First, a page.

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Mapping the insectophore of κ-atracotoxins: insect-selective BKCa channel blockers that reveal a novel insecticide target

S.J. Gunning,1 F.J. Maggio,2 S.M. Valenzuela,1 G.F. King2,3 and G.M. Nicholson,1 1Department of Medical & Molecular Biosciences, University of Technology Sydney, Broadway, NSW 2007, Australia, 2Department of Molecular, Microbial & Structural Biology, University of Connecticut Health Center, Farmington, Connecticut 06032, USA and 3Institute for Molecular Bioscience, University of Queensland, St Lucia, QLD 4072 Australia.

Arthropod pests vector numerous pathogens of human and veterinary health importance, and they destroy ∼10% of the world's food supply (Oerke & Dehne, 2004). Despite the introduction of transgenic crops and other biological control methods, chemical insecticides remain the dominant approach for combating these arthropods. Unfortunately, the vast majority of these insecticides act on one of just five nervous system targets and reliance on just a handful of targets has promoted the evolution of insecticide resistance. Along with human and environmental health concerns, the problem of insecticide resistance has intensified the search for new insect-control methods.

The Janus-faced atracotoxins (J-ACTXs) are a family of insect-selective excitatory neurotoxins from Australian funnel-web spiders that are lethal to both agronomically and clinically relevant insects (Wang et al., 2000; Maggio & King, 2002b) but display no activity in vertebrates (Wang et al., 2000). These toxins possess a rare vicinal disulfide bond between two adjacent cysteine residues that is critical for activity (Wang et al., 2000). An alanine scan of the representative family member J-ACTX-Hv1c has delineated the key functional residues of the toxin (Maggio & King, 2002 a&b). This epitope is restricted to five key residues (Arg8, Pro9, Cys13-Cys14 and Tyr31) that form a bipartite surface patch on a single face of the toxin structure. Despite this wealth of structural data, their molecular target has proved elusive.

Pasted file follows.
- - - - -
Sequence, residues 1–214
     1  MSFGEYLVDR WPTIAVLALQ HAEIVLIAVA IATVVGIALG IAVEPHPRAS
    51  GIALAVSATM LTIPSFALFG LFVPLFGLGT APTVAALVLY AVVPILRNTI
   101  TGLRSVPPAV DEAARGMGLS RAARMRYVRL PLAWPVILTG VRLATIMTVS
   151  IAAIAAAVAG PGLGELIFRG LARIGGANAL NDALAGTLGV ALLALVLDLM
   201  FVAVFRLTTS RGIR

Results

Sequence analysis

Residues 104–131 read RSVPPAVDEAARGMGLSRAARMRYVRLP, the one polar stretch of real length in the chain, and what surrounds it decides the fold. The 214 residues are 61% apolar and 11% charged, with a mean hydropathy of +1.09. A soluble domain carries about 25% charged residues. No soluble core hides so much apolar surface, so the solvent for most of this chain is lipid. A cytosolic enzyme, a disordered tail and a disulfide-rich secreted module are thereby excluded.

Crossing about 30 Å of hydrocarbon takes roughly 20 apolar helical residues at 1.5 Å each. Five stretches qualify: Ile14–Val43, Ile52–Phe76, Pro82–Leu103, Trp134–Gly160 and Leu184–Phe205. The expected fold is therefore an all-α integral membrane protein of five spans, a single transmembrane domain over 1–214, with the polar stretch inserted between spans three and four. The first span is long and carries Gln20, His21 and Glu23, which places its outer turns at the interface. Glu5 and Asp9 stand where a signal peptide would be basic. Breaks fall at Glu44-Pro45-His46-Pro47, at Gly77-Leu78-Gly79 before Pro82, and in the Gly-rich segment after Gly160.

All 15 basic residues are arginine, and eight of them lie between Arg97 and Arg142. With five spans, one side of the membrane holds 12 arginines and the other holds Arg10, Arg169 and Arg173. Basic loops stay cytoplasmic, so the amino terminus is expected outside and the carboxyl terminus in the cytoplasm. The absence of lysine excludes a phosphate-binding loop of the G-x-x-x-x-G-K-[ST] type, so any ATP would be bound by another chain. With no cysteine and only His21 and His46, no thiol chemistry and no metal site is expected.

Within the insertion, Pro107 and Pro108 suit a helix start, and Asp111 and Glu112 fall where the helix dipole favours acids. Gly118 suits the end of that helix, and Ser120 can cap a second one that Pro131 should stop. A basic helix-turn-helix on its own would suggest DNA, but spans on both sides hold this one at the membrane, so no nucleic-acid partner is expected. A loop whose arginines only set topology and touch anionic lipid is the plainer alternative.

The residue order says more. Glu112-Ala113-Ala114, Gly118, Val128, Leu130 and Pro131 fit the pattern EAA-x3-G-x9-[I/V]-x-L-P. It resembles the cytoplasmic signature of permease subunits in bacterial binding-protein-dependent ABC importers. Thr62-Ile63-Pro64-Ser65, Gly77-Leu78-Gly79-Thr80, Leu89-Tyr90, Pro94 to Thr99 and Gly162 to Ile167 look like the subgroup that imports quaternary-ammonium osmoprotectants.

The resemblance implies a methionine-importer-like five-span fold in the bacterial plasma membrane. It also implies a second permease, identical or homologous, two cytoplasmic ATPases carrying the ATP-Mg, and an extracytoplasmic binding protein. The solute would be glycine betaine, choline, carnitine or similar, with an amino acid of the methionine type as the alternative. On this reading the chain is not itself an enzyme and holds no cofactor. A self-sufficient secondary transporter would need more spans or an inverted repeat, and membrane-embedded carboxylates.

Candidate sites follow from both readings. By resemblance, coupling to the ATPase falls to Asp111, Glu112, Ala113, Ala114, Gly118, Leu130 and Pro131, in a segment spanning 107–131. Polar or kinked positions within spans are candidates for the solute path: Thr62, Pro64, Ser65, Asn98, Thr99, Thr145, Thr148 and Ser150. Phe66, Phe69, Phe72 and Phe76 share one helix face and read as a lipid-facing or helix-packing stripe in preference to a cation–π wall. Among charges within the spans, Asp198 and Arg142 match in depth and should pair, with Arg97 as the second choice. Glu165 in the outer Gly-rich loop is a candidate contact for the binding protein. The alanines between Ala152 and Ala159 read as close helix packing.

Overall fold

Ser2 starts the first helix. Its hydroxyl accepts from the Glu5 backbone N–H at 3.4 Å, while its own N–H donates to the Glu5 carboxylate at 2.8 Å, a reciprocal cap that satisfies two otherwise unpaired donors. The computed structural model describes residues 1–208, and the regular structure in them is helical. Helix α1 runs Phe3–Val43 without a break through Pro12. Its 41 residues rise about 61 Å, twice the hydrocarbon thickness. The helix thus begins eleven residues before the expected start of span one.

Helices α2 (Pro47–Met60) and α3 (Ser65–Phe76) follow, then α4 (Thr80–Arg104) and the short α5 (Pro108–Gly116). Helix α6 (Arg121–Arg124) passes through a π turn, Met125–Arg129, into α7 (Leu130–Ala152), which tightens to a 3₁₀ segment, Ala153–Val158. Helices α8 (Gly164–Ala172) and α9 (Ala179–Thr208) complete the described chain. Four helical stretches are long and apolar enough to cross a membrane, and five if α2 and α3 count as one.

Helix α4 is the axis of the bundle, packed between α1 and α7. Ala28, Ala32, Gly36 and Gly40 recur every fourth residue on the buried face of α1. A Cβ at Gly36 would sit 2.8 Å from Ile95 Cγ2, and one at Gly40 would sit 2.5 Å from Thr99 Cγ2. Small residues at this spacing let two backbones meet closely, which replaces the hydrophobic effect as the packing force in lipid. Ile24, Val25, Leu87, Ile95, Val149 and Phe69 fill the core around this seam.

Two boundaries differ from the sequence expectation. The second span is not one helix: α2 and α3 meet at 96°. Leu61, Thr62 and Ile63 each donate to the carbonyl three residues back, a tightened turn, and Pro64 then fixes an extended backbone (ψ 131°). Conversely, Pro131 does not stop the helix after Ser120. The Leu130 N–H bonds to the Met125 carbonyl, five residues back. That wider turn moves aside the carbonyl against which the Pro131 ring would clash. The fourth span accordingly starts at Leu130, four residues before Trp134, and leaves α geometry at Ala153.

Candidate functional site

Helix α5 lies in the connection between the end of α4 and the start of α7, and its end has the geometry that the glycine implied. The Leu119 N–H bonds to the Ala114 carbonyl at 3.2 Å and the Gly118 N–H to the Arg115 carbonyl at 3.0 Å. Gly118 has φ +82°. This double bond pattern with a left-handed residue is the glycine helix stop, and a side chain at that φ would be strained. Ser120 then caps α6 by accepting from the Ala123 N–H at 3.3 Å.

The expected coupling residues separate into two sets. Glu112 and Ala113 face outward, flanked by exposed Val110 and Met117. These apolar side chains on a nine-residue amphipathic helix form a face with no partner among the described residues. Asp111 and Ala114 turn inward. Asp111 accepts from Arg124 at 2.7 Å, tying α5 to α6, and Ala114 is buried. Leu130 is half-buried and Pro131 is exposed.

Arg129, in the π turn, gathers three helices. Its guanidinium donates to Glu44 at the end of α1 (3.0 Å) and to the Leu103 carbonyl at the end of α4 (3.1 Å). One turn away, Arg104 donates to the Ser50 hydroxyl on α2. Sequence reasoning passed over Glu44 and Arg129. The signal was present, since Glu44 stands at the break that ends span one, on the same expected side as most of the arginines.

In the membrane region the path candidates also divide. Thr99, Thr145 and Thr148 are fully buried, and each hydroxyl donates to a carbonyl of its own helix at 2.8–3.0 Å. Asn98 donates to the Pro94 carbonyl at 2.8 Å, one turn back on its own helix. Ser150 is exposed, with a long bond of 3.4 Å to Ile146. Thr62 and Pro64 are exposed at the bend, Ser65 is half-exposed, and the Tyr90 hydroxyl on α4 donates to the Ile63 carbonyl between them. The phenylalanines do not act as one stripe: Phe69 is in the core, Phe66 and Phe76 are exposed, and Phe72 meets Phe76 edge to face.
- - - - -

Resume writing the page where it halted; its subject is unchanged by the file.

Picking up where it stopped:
We previously speculated (Maggio & King, 2002b) that the J-ACTXs might target voltage-gated potassium (KV) channels since the pharmacophore residues Arg8 and Tyr31 overlay well with the conserved LysTyr/Phe dyad of vertebrate KV channel blockers (Dauplais et al., 1997). In the present study, we tested this hypothesis by whole-cell patch-clamp analysis of cockroach dorsal unpaired median (DUM) neurons. Based on this finding we have renamed this toxin family κ-ACTX-1 based on the previously established nomenclature for atracotoxins.

κ-ACTX-Hv1c selectively blocked cockroach calcium-activated K+ (KCa) channels with an IC50 of 2 nM, but not other insect voltage-gated KV, NaV or CaV channels. κ-ACTX-Hv1c also blocked heterologously expressed cockroach BKCa (pSlo) channels without a significant shift in the voltage-dependence of activation. Moreover, the block was voltage-dependent, indicating that κ-ACTX-Hv1c is likely to be a pore blocker rather than a gating modifier. The molecular basis of the insect selectivity of κ-ACTX-Hv1c was established by its failure to significantly inhibit mouse mSlo currents (IC50 ∼10 μM) and its lack of activity on rat dorsal root ganglion neuron IK(Ca). We used a panel of point mutants to identify the molecular epitope (insectophore) on the toxin that mediates its interaction with KCa channels, and we show that this insectophore is strikingly different to that of vertebrate KV channel toxins.

κ-ACTX-Hv1c is the first insect-specific K+ channel blocker identified from spider venom and its lethal block of insect BKCa channels validates these ion channels as a potential insecticide target. Moreover, the channel-binding epitope of the toxin mapped in the current study provides a template for the rational design of novel chemical insecticides that act specifically on insect BKCa channels.

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